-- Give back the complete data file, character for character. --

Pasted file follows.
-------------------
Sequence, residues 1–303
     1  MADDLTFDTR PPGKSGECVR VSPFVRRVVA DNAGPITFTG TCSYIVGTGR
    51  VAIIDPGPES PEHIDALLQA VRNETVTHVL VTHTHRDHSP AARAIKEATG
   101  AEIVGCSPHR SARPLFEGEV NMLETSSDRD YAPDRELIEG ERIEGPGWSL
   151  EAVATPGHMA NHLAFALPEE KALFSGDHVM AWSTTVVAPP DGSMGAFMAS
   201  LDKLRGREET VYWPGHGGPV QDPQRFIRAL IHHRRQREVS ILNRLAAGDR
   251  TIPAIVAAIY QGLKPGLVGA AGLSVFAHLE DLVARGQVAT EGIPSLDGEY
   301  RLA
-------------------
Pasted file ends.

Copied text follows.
Sequence, residues 1–303
     1  MADDLTFDTR PPGKSGECVR VSPFVRRVVA DNAGPITFTG TCSYIVGTGR
    51  VAIIDPGPES PEHIDALLQA VRNETVTHVL VTHTHRDHSP AARAIKEATG
   101  AEIVGCSPHR SARPLFEGEV NMLETSSDRD YAPDRELIEG ERIEGPGWSL
   151  EAVATPGHMA NHLAFALPEE KALFSGDHVM AWSTTVVAPP DGSMGAFMAS
   201  LDKLRGREET VYWPGHGGPV QDPQRFIRAL IHHRRQREVS ILNRLAAGDR
   251  TIPAIVAAIY QGLKPGLVGA AGLSVFAHLE DLVARGQVAT EGIPSLDGEY
   301  RLA